European Union will reopen the borders to citizens of 14 countries starting from July 1: the list includes Australia, Canada, South Korea, Japan, New Zealand, Rwanda, Thailand, Uruguay, Algeria, Morocco, Tunisia, Georgia, Montenegro, and Serbia.
Travelers from China would be approved to enter, but under the condition that Beijing would do the same for Europeans.
The document is yet to be formally agreed by the Council of the European Union next week.
Some EU countries have requested a delay in the decision for further examination, meaning the decision may be revised. The list is not entirely binding, border management remains a matter of national decision.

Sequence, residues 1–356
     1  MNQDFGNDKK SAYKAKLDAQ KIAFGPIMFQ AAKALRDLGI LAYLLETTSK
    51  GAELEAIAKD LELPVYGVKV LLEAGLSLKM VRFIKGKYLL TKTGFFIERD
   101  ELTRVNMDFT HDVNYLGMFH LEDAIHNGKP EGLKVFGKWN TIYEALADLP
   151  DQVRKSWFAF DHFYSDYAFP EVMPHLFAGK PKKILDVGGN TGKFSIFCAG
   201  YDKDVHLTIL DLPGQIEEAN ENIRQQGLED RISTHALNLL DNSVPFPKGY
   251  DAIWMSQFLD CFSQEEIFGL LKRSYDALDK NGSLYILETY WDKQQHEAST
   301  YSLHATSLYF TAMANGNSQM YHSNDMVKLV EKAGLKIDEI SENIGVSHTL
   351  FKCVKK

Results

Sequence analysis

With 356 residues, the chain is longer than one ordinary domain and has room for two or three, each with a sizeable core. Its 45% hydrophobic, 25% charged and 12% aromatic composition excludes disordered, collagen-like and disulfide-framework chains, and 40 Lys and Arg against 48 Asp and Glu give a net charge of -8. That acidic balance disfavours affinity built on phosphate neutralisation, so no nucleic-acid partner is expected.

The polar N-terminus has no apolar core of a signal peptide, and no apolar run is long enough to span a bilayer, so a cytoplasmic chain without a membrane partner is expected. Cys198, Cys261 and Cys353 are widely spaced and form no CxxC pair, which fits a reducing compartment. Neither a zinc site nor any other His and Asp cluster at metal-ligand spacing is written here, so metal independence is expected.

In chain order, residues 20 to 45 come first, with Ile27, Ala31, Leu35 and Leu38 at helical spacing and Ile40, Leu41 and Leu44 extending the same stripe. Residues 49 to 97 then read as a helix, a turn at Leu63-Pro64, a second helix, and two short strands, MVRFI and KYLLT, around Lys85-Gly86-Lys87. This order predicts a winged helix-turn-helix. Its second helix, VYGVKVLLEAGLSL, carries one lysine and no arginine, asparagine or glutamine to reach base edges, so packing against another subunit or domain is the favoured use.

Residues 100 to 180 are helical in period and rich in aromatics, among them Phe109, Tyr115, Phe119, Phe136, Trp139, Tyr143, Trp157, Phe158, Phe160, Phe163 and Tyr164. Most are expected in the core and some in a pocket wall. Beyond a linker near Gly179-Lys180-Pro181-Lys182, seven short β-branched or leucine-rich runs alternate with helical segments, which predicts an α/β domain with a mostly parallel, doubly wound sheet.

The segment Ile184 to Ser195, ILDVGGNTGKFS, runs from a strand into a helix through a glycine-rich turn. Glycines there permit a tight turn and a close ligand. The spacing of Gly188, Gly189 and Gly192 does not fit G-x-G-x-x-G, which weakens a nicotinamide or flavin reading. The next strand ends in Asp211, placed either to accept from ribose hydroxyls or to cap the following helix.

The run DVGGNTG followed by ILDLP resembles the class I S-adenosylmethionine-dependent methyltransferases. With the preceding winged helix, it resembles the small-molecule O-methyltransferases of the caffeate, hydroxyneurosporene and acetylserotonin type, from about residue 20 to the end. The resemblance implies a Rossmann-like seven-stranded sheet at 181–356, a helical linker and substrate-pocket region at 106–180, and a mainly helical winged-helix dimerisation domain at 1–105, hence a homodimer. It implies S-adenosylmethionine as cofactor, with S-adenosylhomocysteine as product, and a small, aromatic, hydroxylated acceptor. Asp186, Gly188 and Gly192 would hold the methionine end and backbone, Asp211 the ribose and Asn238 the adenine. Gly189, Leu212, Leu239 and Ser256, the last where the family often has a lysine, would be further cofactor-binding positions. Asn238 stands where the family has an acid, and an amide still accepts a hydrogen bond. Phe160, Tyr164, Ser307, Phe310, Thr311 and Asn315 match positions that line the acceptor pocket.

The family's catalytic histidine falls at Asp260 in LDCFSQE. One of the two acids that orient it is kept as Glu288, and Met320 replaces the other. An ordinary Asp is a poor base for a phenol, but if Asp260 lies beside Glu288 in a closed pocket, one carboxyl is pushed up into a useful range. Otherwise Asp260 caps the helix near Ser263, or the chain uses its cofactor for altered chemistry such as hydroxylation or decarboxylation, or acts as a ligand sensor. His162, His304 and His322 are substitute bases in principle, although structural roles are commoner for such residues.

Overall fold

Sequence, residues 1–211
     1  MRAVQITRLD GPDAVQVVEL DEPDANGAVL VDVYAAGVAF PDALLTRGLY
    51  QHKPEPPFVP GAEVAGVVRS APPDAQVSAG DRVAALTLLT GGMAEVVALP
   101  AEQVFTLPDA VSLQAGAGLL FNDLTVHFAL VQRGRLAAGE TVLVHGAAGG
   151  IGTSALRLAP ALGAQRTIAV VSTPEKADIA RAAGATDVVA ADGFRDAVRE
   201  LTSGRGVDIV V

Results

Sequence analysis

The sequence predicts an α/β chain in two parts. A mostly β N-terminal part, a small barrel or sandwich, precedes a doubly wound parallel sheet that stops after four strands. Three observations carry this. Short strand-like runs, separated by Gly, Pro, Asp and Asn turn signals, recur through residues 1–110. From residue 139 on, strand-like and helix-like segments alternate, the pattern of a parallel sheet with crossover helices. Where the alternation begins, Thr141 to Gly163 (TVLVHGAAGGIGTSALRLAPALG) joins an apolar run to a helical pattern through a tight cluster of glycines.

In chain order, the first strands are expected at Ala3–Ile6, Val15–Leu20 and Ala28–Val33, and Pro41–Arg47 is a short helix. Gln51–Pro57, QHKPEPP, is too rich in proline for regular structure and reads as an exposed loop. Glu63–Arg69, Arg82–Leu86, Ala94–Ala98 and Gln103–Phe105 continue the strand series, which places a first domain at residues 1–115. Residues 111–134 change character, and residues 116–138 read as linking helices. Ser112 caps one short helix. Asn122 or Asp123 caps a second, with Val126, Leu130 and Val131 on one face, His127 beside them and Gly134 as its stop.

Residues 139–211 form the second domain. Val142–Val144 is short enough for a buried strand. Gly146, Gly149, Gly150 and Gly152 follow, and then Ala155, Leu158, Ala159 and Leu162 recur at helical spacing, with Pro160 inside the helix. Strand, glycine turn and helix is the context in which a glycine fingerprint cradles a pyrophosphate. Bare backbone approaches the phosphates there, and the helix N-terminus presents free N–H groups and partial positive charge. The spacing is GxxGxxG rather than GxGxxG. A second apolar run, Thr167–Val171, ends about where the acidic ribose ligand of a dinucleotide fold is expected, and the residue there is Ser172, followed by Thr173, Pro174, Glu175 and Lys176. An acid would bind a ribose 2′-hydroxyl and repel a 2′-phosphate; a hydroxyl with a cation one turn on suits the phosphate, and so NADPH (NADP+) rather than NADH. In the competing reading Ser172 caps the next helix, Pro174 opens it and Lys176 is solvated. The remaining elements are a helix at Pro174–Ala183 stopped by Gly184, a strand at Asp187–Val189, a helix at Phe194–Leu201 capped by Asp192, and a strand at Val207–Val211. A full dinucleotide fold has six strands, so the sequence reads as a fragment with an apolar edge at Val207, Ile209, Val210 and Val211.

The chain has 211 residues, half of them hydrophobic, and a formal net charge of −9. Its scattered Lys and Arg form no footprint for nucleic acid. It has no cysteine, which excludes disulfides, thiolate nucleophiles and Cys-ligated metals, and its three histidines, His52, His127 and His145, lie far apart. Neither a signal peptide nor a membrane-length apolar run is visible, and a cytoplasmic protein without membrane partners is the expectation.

“There are still ongoing consultations, which will continue until Monday,” an EU source said.
“There is no visibility on where this will go, but the presidency still hopes to put this matter to a vote on Monday,” the source added.
Brussels is following a principle of a joint agreement by EU countries based on criteria such as “health status, ability to apply containment measures during travel and reciprocity considerations”.
For now, countries like the United States, Russia, and Brazil are left out, where the epidemiological situation does not offer security for fear of new outbreaks.
On March 11, 2020, the WHO declared the COVID-19 outbreak a pandemic. According to the latest statistics, over 9,724,100 people have been infected worldwide and more than 492,000 deaths have been reported.
The United States is currently the country most affected by COVID-19 with more than 125,000 deaths.